The Fund, launched in November 2019 by State Street Foundation and Rethink Ireland, is supported by the Department of Social Protection through its Dormant Accounts Fund. It aims to reach 500 people with disabilities across the country and empower 250 people to progress along pathways to employment. It recognises that having a job and enabling a person with a disability to become more financially and socially independent benefits the individual, their families, their employers and society at large.
Commenting on the announcement of Heather Humphreys, TD, Minister for Social Protection and Community and Rural Development said “I am delighted that my Department is supporting The Ability to Work Fund. It is an important initiative which will provide a pathway and supports into work for people living with a disability and I congratulate the Awardees, Rethink Ireland and State Street on today’s announcement.”
Tadhg Young, Ireland Country Head, State Street said: 'I would like to congratulate today’s Awardees, it’s great to see the incredible work of each organisation in helping individuals with disabilities gain access to employment. As an employer, we value the qualities – experiences, interests and capabilities – that make our employees unique and we know that an inclusive culture and a diverse workforce makes us stronger and more successful.
By empowering people with disabilities to gain employment, we are directly contributing to the overall health and well-being of our local communities by promoting equality of opportunities in education and sustainable employment for everyone in society.'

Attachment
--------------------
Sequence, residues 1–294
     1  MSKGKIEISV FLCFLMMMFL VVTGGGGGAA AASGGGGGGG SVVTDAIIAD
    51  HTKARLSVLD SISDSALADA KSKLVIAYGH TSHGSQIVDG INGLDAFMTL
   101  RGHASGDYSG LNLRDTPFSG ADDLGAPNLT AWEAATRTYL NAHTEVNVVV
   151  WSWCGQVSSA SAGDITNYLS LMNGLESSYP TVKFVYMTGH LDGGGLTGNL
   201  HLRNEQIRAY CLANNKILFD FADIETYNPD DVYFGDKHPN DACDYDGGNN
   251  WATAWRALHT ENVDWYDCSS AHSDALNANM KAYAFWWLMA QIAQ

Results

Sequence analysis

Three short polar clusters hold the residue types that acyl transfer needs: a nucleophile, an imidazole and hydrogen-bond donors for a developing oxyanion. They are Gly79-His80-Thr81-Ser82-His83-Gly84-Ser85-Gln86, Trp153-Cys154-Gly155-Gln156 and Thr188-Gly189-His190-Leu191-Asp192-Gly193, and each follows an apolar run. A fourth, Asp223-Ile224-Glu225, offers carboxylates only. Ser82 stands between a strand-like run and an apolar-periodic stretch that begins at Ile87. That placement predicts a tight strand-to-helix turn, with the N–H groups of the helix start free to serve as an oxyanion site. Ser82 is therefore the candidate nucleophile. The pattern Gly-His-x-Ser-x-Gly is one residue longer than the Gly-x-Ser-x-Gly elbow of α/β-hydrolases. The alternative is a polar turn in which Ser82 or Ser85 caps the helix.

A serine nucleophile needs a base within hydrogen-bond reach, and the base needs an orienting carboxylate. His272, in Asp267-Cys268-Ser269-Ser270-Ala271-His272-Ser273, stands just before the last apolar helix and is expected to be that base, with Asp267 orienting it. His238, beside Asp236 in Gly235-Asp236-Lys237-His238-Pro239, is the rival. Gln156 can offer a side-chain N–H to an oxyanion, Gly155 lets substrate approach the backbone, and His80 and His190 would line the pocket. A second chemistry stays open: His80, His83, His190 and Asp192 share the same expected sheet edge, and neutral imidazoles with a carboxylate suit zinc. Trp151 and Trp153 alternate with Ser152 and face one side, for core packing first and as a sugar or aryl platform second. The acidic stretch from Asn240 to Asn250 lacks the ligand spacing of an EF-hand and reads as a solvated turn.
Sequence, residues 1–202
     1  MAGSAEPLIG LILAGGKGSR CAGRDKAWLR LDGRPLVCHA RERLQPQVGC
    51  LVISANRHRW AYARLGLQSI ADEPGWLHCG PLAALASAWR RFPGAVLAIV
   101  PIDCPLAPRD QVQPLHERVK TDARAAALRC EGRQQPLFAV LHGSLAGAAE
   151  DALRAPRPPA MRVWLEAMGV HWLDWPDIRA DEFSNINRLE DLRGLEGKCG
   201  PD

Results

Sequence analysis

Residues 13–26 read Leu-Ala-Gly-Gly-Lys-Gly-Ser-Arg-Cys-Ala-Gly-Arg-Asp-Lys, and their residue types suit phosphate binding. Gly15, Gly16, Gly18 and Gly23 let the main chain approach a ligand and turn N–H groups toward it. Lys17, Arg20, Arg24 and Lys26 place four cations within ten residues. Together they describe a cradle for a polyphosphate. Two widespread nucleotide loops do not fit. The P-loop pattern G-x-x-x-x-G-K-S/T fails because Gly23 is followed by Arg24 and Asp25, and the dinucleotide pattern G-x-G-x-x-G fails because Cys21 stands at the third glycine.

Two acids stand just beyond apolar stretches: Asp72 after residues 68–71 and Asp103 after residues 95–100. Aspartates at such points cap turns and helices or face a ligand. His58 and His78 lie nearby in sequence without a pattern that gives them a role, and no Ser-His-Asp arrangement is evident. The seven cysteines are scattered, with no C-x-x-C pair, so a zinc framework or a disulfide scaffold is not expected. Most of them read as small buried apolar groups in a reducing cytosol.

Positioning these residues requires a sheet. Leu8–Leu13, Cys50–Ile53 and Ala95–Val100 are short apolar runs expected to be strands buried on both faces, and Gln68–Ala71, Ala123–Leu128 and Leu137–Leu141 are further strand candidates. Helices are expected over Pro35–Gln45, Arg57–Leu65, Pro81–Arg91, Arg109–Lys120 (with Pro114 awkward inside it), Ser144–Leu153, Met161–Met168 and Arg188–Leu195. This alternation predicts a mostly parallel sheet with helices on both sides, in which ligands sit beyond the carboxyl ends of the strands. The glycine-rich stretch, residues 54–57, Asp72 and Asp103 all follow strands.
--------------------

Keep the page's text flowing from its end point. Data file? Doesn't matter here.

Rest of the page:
Deirdre Mortell, CEO, Rethink Ireland said: “The numbers related to employment for people living with a disability in Ireland are still not where they need to be. With the support of this Fund, we aim to help today’s Awardees expand their business acumen, drive growth, deepen their impact across Ireland, and in turn, help improve the balance of inequality when it comes to employment'.
The four Awardees are:
WALK and its subsidiary, Walkinstown Green Social Enterprises (WGSE)
Provides education, training and employment opportunities for people with disabilities, autism, and other barriers to employment through the operation of the Green Kitchen Cafe and the Green Garden.
Through these programmes, WGSE provides a bridge to mainstream employment and has supported people into work with 51 different employers including the Houses of the Oireachtas, Compass at Google, Facebook, Accenture, Tallaght University Hospital and Costa Coffee.
An innovative employability model, set up by the Dublin Simon Community, which caters for the most vulnerable individuals in society, namely people experiencing homelessness who are also living with a disability.
The model focuses on individual pathways for their clients, ensuring that clients’ specific needs are met and their personal goals are achieved. Since 2016, they have helped 28 individuals complete a Level 5 QQI Health & Fitness course through their in-house gym.
Not So Different
Promotes inclusion and equality of people who are neurodiverse through employment and education. NSD Creative Hub, Irelands’ first Neurodiversity simulated work place environment where individuals’ innate skills and talents acquired through NSD training are showcased to employers. Since 2019, 70 students received employment supports of which 54 engaged in professional accredited training and 35 in work place initiatives.
Promoting greater understanding of neurodiversity is central to the work of NSD. Deirdre Lynch, founder of NSD and person with a lived experience of neurodiversity has opened Ireland’s first neurodiversity school of thought to increase understanding of neurodiversity at home, in schools/colleges and in work. Training solutions are tailored to the needs of the employer, educator or individual.
The UCC Disability Support Service Mentoring Programme
Matches students registered with the DSS to a professional mentor for an academic year and provides students with a meaningful opportunity to develop their employability skills through regular meetings with their mentor in the workplace. The project also supports employers to develop a better understanding of disability issues. For the 2019/2020 academic year, the programme ran 71 mentoring partnerships with 9 companies involved.